LePage needs a history lesson
Gov. Paul LePage needs to study his history instead of criticizing U.S. Rep. John Lewis. Today’s Republican Party is nothing like the Republican Party of Abraham Lincoln. If LePage did some homework, he would find out that the Republicans and the Democrats have pretty much switched platforms. LePage should learn about the history of his party.
Here’s what I learned from Donald Trump’s first press conference in months.
He has a limited vocabulary, repeating the same words — “great,” “terrific,” “tremendous” and “sad” — over and over. Trump rambles on, and he does not answer questions.
The praise he lavishes upon himself suggests neediness as well as megalomania. He appears to live in a fantasy world, where he is dear leader.
Maine needs Obamacare
As the date nears when Congress will decide whether to repeal the Affordable Care Act, which has allowed millions of Americans who previously were uninsured to afford health care coverage, Maine needs Sen. Susan Collins to take a stand against repealing the act.
The law’s benefits for Mainers and all Americans are widespread, including cost assistance for low-income families and individuals; coverage of contraceptives for women; coverage for those with pre-existing conditions, such asthma or arthritis; and allowing young people to stay covered by their parents insurance until age 26.
Many Mainers risk losing access to lifesaving health care if the Affordable Care Act is repealed, and Collins owes to it to her constituents to support the continuation of this act. Those concerned about repeal should reach out to Collins’ office.
The whole story about DeVos
Matthew Gagnon in his Jan. 12 BDN column fails to mention education secretary nominee Betsy DeVos and her husband have invested their own money in a Virginia-based company that operates for-profit charter schools. It sounds a bit like leaving the henhouse door open for the fox hovering about and a bit troublesome to me. Doesn’t Gagnon believe his readers deserve to know the rest of the story?
Mayhew puts WIC at risk
Rarely do we get a behind-the-scenes view of Maine and federal government interplay as with the Jan. 11 BDN article about how the Maine Department of Health and Human Services lost $1.4 million for a nutrition program for women, infants and children.
Having the privilege of administering WIC programs in my 40-year career in public health, I can attest to the benefits of good nutrition in the critical prenatal and early years of life. It helps head off unnecessary MaineCare expenditures for neonatal hospital stays, reduces risk of ongoing care for developmental problems and promoting healthy brain development crucial for success in life. The WIC program is worthy of the adage, “An ounce of prevention is worth a pound of cure.”
Given its successes, why would DHHS Commissioner Mary Mayhew and Gov. Paul LePage insist on putting a picture on an EBT card for WIC recipients? They have pressed the issue for 18 months despite federal concerns about “potential barriers … to participant access” and the fact that there is a “high degree of program integrity and fraud prevention measures” already in place.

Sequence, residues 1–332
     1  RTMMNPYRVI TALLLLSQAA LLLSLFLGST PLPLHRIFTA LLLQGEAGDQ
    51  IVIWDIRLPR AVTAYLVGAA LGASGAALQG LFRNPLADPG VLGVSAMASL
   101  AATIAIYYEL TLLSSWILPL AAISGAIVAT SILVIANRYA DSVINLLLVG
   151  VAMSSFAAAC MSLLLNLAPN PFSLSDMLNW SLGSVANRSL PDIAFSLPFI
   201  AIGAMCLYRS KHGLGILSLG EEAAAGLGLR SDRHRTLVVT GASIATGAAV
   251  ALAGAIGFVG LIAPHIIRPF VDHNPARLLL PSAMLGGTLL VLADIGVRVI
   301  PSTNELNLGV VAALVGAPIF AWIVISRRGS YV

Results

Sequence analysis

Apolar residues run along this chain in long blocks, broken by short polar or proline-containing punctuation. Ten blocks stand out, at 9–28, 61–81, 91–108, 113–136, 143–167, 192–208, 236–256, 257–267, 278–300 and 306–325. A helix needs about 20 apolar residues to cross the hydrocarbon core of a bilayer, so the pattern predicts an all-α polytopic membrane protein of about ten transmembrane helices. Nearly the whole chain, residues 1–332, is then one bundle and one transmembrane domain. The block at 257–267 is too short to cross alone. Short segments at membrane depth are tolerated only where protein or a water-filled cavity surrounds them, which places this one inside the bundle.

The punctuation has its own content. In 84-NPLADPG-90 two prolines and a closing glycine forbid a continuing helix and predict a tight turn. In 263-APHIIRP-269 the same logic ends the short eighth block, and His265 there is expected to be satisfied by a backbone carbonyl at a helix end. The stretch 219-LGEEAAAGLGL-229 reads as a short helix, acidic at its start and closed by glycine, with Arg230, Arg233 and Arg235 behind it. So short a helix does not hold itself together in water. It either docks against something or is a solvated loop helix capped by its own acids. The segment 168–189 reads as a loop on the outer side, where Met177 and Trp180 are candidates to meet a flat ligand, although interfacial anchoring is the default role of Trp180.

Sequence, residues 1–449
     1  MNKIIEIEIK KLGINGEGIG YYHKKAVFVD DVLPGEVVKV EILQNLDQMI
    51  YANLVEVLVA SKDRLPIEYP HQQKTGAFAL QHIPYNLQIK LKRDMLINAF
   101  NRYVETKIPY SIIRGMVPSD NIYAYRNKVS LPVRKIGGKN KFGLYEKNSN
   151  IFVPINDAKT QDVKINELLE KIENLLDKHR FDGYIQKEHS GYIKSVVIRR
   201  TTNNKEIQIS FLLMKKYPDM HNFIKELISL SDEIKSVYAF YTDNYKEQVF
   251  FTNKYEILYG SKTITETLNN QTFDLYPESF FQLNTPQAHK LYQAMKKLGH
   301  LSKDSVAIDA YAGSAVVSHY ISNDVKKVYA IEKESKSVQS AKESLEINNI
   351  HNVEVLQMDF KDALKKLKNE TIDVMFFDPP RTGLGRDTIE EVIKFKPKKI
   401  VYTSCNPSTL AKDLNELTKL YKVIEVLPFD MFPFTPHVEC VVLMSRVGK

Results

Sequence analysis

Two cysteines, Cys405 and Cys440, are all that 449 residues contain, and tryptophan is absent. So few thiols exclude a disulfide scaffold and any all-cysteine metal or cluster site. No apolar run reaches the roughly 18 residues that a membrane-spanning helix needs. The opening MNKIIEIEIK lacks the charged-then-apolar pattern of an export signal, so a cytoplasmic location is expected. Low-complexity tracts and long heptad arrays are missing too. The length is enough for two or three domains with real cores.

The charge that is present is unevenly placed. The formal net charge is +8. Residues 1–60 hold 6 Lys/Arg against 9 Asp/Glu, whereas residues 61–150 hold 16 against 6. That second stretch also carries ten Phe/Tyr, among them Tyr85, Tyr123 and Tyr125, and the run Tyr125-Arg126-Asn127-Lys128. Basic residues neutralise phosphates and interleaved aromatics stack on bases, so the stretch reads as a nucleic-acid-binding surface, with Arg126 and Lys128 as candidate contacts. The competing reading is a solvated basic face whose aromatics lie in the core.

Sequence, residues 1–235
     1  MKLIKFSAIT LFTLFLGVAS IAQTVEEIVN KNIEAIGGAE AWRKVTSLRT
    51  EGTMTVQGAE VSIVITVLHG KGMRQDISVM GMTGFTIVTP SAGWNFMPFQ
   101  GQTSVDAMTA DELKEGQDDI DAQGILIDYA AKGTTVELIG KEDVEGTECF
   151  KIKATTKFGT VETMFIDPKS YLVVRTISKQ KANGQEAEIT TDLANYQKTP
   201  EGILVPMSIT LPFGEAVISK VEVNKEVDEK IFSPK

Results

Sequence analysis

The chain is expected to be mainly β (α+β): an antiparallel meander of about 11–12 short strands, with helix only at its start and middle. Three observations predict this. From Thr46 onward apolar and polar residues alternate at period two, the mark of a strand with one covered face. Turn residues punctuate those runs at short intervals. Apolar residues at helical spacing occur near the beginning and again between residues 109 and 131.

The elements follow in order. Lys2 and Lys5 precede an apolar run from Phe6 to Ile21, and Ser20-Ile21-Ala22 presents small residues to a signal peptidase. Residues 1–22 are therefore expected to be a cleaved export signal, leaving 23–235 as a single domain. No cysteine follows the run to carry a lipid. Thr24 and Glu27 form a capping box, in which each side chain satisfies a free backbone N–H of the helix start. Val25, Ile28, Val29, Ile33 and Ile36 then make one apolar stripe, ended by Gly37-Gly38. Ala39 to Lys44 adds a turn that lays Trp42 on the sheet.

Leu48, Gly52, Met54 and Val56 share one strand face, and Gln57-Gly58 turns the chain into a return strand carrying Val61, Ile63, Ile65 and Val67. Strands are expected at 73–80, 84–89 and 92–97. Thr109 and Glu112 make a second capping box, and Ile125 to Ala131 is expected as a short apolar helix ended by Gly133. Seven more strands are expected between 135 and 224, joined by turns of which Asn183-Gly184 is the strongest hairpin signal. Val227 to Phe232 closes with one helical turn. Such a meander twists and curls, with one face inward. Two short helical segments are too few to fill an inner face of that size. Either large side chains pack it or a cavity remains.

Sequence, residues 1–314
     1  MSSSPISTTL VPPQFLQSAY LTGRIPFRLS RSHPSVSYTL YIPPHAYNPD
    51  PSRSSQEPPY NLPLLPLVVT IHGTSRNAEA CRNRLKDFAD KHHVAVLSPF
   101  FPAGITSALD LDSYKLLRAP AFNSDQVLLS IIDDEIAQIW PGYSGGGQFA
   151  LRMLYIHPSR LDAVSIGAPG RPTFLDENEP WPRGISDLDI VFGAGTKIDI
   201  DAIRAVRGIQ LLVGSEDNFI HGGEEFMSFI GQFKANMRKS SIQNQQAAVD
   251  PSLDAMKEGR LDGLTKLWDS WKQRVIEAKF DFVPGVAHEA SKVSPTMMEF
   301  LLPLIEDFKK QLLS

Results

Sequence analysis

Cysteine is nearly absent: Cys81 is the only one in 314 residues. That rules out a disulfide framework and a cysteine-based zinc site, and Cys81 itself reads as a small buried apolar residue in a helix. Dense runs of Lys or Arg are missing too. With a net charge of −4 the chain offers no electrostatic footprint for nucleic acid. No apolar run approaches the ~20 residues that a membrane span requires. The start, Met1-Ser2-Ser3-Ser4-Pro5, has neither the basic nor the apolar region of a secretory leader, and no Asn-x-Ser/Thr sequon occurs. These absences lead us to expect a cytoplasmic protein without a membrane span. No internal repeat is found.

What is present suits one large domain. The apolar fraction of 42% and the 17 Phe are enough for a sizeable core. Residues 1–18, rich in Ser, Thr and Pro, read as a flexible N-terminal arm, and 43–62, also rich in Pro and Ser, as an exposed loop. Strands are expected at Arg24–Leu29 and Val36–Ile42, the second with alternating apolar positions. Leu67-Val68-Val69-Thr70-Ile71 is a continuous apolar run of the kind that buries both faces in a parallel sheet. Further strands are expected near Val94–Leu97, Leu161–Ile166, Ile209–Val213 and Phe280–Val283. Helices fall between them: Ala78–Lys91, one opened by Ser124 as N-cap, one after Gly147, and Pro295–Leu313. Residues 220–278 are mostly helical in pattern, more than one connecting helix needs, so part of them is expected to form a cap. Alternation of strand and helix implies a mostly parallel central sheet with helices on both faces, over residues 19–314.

Clearly, the WIC program in Maine is on life support, and Mayhew and LePage appear to have given a dire advanced directive — do not resuscitate — for it. Who will stand up for our neediest pregnant women and children? Will Maine be the first state in the U.S. to kill this proven service? Guess who will pay the added costs for infants born small or children requiring special supports for preventable developmental problems caused by poor nutrition? You and I will pick up the tab.
We need Obamacare
We live in rural Maine. One of our friends who owns his own business got health care last year because of the Affordable Care Act. He was able to have a costly test he otherwise couldn’t afford because of it. Everything turned out OK.
People call the Affordable Care Act “Obamacare” to try to make people hate it. It is insurance you buy just like before but more affordable for those who can’t pay big prices. We need the Affordable Care Act.
Don and Leslie Bush
It’s time for a ride
You have to wonder what the Trump voters are thinking about their health insurance now that the Republicans want to repeal without any replacement policy.
If members of Congress were to lose their health insurance perk and have to purchase insurance like the rest of the nation, I have a pretty good idea how the repeal vote would go.
Donald Trump told them what they wanted to hear. Now we will have to sit down, buckle up and hang on, because we are in for a ride.
Learn to communicate
Having become a bit sick of all the political wrangling in the BDN letters to the editor, I thought that a new controversy might be refreshing. Emmet Meara’s Jan. 17 BDN column about the misuse of words was humorous but actually addressed a very real problem: We don’t teach English literacy anymore.
I have three years of college (it wasn’t Harvard), and I spent my career as a construction engineer and manager, writing specifications, proposals, reports and other documents. It was important that I used the proper words and understood their meanings. (I actually did know the definitions of, and the differences between, all of Meara’s examples.)
I also spent 35 years as a municipal official in Pennsylvania, writing ordinances, studies, reports for which literacy was equally important. Too many of our high school and college graduates cannot string five words together to make a coherent sentence, and the misuse of words is rampant (“flourishing” or “spreading unchecked”). Unfortunately, many of the BDN’s reporters fall in this category, Meara not among them.
While it’s fun to make jokes about it, we can’t have rational discussions if we can’t communicate intelligently, and we’re seeing a lot of that these days. Thanks, Emmet, for a fun column. But I hope most of us actually take the matter seriously.